Reading during the summer is MORE than just a suggestion.

Why Reading?

If there is one summer activity that you NEED to enforce with your children, it’s reading. Reading is an essential part of lifelong success and provides educational benefit long after the individual is finished with the reading assignment. 

According to the Campbell County Public Library’s article, “10 Benefits of Reading Books”, reading stimulates the brain in unique ways. It is shown to improve memory, increase connectivity in the brain, and helps promote the development of empathy (Moorhead).

Additionally, our society stresses the importance of reading in public and private education and students are often assigned reading as homework during the summer months. Schools place a huge emphasis on time spent reading both inside and outside the classroom. However, are we practicing the very activity that we tell our youngsters to engage in? 

Practicing What We Preach

In an article arguing for the importance of sustained silent reading in schools, Elaine M. Garan and Glenn DeVoogd pose a very apt question for not only educators, but parents alike: “If we don’t allow students to read in school at the same time that we tout the wonders of reading, what message are we sending to students about our values?” (341). We could also make the argument that reading as a hobby in the home is just as important as making sure homework is complete, or studying for an upcoming test. Essentially, are we prioritizing reading as an essential part of everyday life?

If reading is truly as important as, say, eating your vegetables – then we need to model the importance of reading from the top to the bottom.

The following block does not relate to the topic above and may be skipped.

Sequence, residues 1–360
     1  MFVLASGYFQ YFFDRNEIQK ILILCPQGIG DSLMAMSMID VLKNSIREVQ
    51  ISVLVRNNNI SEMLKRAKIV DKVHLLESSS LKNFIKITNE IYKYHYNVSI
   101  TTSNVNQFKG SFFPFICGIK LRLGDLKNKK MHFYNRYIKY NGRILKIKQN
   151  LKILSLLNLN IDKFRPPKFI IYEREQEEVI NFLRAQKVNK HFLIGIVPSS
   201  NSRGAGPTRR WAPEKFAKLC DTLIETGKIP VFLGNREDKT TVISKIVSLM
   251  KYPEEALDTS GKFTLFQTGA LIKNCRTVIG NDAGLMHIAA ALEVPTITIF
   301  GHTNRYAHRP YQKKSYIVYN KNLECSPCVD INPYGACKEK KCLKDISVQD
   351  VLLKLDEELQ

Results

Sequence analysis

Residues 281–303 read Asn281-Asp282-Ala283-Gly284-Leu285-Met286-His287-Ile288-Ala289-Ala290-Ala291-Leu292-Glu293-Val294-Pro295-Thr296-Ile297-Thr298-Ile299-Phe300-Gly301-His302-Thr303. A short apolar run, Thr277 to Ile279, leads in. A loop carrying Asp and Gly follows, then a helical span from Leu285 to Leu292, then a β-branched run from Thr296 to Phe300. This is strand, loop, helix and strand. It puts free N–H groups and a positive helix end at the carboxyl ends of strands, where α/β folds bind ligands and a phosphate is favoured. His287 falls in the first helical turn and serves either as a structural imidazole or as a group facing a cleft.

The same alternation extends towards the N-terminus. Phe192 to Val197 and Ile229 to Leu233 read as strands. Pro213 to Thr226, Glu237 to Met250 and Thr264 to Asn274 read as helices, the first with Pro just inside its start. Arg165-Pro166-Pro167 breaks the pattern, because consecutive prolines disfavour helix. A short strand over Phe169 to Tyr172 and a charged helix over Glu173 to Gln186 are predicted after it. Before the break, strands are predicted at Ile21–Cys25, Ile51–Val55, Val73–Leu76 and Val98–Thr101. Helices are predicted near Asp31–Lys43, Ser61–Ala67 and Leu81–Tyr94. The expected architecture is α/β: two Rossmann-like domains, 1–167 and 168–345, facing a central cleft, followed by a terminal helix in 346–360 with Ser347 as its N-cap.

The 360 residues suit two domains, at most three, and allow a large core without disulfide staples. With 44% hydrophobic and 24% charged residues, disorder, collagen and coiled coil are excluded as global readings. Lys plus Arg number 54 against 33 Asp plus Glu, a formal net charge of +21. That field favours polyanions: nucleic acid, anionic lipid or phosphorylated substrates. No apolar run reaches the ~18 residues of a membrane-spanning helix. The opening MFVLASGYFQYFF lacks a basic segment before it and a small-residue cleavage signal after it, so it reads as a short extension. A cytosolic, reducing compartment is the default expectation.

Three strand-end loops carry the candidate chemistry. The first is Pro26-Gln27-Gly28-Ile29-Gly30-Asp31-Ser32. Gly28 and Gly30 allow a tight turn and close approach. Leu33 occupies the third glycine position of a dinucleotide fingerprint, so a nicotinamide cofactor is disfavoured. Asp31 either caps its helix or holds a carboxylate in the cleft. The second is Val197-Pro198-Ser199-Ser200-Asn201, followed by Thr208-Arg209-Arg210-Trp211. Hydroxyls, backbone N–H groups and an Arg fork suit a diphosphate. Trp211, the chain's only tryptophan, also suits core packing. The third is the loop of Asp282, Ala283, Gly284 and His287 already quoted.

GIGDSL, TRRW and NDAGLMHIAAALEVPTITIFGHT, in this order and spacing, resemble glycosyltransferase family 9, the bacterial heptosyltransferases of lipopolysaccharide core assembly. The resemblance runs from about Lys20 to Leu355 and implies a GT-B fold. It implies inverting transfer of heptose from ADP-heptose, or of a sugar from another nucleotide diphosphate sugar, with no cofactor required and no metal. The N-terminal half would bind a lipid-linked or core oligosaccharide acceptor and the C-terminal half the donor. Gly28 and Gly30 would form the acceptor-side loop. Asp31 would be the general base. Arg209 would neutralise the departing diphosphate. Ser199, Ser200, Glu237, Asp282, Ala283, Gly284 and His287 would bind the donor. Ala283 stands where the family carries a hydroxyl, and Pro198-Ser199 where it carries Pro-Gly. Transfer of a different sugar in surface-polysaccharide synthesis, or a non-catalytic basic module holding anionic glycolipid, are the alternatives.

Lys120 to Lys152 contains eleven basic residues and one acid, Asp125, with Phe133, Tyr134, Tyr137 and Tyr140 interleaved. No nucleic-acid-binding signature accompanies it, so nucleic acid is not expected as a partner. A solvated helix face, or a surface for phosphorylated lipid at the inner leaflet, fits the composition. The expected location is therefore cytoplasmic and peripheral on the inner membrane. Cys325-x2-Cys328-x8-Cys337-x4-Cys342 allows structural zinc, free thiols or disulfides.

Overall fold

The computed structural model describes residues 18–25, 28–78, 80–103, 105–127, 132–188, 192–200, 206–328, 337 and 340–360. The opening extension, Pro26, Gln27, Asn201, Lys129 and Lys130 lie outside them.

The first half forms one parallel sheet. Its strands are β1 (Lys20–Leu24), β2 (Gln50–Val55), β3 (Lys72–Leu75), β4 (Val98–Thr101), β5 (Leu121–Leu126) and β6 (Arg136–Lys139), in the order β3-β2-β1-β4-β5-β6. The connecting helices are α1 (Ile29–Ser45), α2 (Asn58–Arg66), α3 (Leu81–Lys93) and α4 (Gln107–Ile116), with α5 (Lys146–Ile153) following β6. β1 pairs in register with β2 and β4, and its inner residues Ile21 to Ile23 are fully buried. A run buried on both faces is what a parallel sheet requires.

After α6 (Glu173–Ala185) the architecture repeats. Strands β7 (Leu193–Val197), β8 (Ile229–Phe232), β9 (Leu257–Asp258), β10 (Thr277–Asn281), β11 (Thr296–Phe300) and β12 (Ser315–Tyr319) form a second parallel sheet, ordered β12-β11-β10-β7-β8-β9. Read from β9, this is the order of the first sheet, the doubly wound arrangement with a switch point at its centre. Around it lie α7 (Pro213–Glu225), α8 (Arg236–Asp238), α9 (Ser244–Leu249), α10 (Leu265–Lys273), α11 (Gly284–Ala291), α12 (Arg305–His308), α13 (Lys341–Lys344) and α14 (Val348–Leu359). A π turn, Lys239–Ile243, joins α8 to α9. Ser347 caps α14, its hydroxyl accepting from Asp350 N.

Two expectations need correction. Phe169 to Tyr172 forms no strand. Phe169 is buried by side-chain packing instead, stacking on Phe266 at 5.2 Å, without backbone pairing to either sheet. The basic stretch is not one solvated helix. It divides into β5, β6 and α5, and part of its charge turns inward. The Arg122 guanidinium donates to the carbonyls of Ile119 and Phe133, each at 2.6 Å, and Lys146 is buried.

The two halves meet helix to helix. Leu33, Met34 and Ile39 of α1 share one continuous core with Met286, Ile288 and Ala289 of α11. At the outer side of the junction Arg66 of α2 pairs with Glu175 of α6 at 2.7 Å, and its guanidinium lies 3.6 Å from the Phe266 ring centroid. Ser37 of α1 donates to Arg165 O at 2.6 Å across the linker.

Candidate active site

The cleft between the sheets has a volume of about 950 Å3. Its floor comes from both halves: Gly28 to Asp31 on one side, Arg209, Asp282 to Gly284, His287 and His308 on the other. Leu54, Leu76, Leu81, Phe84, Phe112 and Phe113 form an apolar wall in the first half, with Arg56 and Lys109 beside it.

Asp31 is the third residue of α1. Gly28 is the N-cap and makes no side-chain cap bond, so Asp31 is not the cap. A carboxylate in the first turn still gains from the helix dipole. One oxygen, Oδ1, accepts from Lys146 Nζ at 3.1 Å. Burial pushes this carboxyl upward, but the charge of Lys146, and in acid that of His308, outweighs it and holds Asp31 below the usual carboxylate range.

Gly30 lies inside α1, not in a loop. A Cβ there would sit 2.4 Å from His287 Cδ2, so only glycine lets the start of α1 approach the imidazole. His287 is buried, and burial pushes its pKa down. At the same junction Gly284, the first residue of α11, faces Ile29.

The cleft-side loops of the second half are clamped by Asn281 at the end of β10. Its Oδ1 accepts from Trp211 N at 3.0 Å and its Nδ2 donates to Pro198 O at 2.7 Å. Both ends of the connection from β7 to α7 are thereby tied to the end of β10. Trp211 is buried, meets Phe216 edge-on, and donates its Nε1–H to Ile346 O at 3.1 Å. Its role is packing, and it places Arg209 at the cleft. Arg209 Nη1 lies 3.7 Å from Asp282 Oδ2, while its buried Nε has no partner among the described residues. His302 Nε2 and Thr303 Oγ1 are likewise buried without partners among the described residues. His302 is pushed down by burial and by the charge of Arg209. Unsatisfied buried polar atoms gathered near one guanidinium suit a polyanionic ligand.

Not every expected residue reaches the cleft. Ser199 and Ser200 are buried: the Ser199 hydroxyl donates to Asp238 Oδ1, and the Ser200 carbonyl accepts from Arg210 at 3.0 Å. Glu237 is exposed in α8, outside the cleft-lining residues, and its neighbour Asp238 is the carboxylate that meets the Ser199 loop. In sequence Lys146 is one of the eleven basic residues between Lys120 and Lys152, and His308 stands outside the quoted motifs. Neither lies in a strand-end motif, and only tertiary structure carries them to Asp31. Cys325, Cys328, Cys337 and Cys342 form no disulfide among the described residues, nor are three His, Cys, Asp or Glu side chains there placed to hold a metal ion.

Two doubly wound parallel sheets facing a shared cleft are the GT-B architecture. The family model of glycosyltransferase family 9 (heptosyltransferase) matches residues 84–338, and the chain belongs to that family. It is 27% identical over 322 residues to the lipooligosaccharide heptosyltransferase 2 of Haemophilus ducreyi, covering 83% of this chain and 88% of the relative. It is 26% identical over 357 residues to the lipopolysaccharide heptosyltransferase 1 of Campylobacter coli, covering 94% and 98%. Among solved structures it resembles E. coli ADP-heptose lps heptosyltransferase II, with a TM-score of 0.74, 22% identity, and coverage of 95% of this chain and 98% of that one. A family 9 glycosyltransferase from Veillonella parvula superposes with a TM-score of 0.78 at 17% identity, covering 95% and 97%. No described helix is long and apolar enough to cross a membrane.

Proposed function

But my kid doesn't like to read!

This is a common complaint that we hear from parents or students. It is typically associated a student who requires tutoring in early reading or reading comprehension – side note here, we cannot lump together struggling readers and uninterested readers as those who do not like to read. We tutor students who have dyslexia and love to read, though it may take longer and is more challenging, and we have students who refuse to read because they would rather be doing anything else. The reasons why children or young adults do not like reading can usually be broken down into three categories:

  1. A student struggles with reading due to a unique learning style that requires specialized attention (like dyslexia, dysgraphia, ADD/ADHD)
  2. A student is not engaged in reading due to disinterest
  3. A student does not recognize reading as a hobby, but rather as a chore
  4. A student has been told that he or she is not a “good” reader by peers, or an individual in authority
These common problems hinder a student’s ability and squash the confidence an early reader can develop through the autonomy of reading. 

What Reading Looks Like at the Home Front - Tips from the Tutor

The stamina of a child learning phonemes will obviously differ greatly from a child who is a confident reader, and vastly different from a student in high school. Here at Planting Seeds Tutoring & Test Prep, we want to be sure that parents are well equipped with reading strategies to ensure that learning happens outside the classroom (or the tutoring session!).

  1. When assigning reading schedules for students, we typically try to aim for 20 minutes spent interacting with a book on a daily basis.
  2. This looks different than independent, silent reading – if a student is unable to actually read the book out loud, then there is little chance the student will be able to silently read it. Ask questions intermittently while the student reads – if he or she has absolutely no idea what’s going on in the book, give them a break to look up details online or try reading it also.
  3. We tutors strive to make reading fun, approachable, and interactive with our students, and parents need to stress these principles when allowing children ample time to read. Eliminate distractions during reading time, but ask leading questions about the text. Open discussions about reading makes the student enjoy unfolding the mystery of the author’s intent, literary devices, and what is expected to happen in well-written books!